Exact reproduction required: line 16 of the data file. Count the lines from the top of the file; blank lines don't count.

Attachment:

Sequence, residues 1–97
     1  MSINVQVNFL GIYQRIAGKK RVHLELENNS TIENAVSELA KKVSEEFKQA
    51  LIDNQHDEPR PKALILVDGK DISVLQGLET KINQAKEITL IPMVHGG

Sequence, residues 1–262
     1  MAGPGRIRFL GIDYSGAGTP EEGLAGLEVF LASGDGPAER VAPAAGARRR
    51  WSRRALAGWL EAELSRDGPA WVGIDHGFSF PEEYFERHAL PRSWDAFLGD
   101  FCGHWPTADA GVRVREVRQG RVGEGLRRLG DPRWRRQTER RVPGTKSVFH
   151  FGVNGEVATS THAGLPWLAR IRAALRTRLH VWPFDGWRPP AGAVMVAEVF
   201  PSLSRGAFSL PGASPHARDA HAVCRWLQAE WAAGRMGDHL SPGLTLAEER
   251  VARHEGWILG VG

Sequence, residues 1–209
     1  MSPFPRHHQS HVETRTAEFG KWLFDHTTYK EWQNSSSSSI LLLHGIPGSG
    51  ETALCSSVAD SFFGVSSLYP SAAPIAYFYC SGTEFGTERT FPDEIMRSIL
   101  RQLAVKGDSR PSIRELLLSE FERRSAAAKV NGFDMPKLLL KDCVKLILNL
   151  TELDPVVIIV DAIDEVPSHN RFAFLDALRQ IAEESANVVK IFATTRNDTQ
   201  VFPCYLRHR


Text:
   201  VFPCYLRHR